American Medical International, which posted its first-ever quarterly loss at the end of February, reported sharply lower earnings again Thursday as hospital chains continue to reel from government and private industry cost-cutting measures.
Despite record revenue of $907.5 million, the Beverly Hills-based hospital chain said its net income declined 59% to $21.5 million for the three months ended May 31, compared to $52.6 million for the third quarter of fiscal 1985.
"The message behind our record revenues and our declining earnings is clear: We are not managing our costs effectively," Walter L. Weisman, AMI president and chief executive, said in a prepared statement.
"The fact that other major companies in the investor-owned health-care industry are facing writedowns, cost escalations and earnings declines at this time only intensifies our own determination to reverse these negative trends at AMI as forcefully and rapidly as possible," Weisman added.
Hurt by New Medicare Program
Like virtually all hospital chains in the $400-billion-a-year health-care industry, AMI has been hurt by lower hospital fees from the government under a new Medicare payment system as well as by the rapid growth of alternative health-care providers.
On average, about 50% of a hospital's gross income comes from Medicare, which has instituted a new reimbursement system that sets limits on how much the government will pay for specific ailments. In addition, privately insured patients increasingly are being lost to health maintenance and preferred provider organizations, which promise lower-cost medical care.
The nation's largest health-care chain, Hospital Corp. of America, for example, reported that its earnings for the first quarter of 1986 fell 9.7%. And on Tuesday, Los Angeles-based National Medical Enterprises announced that it would sell nine hospitals and undergo a major restructuring in order to improve its sagging bottom line.
AMI, which with nearly 16,000 hospital beds is among the nation's largest hospital chains, has also attempted to battle its financial woes by selling off medical facilities and cutting costs.
Several Other Cost-Cutting Moves
Results for the third quarter, for example, included an after-tax gain of $8.1 million from the sale of four hospitals and 11 rehabilitation centers operated by its Birmingham, Ala.-based subsidiary.
AMI has also pared fat in areas as varied as reducing reliance on overnight mail service to scaling down its Corporate Point offices in Culver City and making executives double-up at administrative headquarters in Beverly Hills, company sources say.
But the moves don't seem to have made much of a dent in AMI's balance sheet.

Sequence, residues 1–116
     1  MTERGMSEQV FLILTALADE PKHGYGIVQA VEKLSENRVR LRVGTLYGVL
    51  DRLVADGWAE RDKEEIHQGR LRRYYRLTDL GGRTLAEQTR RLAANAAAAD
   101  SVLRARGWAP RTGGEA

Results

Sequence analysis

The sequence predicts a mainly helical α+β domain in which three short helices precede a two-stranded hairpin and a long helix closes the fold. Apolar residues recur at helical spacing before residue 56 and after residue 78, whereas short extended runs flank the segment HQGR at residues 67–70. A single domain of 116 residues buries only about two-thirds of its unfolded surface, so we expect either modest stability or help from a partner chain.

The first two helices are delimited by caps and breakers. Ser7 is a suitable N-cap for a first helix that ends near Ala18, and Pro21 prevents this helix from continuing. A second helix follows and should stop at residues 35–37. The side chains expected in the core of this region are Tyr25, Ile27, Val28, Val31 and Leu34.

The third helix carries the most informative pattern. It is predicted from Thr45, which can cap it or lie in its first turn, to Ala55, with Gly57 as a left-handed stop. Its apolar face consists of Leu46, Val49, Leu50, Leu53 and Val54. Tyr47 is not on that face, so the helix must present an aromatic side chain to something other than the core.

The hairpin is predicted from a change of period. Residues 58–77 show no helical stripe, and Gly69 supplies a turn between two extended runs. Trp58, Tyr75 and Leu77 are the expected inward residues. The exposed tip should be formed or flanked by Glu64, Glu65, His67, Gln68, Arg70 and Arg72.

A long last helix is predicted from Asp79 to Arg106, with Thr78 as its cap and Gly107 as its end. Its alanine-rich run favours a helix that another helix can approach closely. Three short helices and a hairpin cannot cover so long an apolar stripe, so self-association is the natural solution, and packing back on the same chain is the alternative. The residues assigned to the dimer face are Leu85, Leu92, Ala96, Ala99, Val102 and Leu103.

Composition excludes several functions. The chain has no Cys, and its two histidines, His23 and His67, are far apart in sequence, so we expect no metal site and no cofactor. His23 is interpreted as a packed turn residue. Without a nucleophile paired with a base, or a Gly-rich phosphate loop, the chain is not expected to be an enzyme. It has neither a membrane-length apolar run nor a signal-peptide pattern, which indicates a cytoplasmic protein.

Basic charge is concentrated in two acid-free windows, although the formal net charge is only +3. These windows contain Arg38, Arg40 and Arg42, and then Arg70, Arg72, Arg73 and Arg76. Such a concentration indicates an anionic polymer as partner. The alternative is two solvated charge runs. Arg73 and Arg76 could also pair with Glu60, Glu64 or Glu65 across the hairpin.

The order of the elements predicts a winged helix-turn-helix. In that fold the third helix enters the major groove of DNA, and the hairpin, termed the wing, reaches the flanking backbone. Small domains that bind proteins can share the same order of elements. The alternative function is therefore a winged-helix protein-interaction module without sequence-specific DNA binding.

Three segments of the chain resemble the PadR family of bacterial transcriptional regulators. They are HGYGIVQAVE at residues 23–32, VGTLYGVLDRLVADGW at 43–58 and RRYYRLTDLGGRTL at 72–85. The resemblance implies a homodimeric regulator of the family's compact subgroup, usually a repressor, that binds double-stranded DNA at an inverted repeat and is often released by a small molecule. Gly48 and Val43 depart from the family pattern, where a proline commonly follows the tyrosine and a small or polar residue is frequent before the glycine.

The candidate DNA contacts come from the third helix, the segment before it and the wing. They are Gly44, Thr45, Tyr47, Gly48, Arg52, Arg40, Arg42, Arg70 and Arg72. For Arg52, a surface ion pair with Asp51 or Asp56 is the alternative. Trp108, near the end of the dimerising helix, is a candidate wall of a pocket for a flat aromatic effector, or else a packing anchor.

Although the hospital chain managed to avoid a loss for the third quarter, the results were comparatively worse than the second quarter, analysts said, pointing to AMI's $115-million writedown of company assets included in the second-quarter results. Without that, they pointed out, AMI would have had second-quarter earnings higher than the third-quarter net reported Thursday.
"They are still struggling and trying to get themselves together," said Randall Huyser, a health-care analyst at Montgomery Securities. "But they are not making as rapid progress as I like or as I'd think they'd like."
Overall, for the nine months ended May 31, the company recorded a loss of $31.9 million, compared to net income of $138 million for the comparable period of fiscal 1985. And nine-month gross revenue totaled $2.57 billion, a 32% increase over the $1.94 billion reported for the first nine months of last year.
Analysts say that one reason AMI may be having difficulty adapting to the new health-care environment is its decision to diversify. AMI has launched an ambitious program to start its own HMOs, PPOs and other health insurance plans. It hopes that the plans will funnel patients into AMI-owned hospitals.
It is a risky strategy that could pay big benefits in the long run, said Kenneth Abramowitz, an analyst at Sanford C. Bernstein & Co. in New York. But, so far, those "operations are not producing any earnings for us now . . . (and) probably not for some time," AMI spokesman Mick Taylor said.
Indeed, the New York-based investment rating agency Moody's Investors Service on Wednesday slightly downgraded the ratings on AMI's commercial paper, shelf registration and senior and subordinated debt.
Moody's said: "The rating changes reflect (AMI's) increased business risk, attributable in part to an ambitious program of expansion into the health-care insurance business, and its high financial leverage."
AMI's slipping financial results produced at least one saving grace: Because the company failed to meet its projected earnings, it got an unexpected tax benefit of $1.8 million in the form of a lower effective tax rate, Taylor said.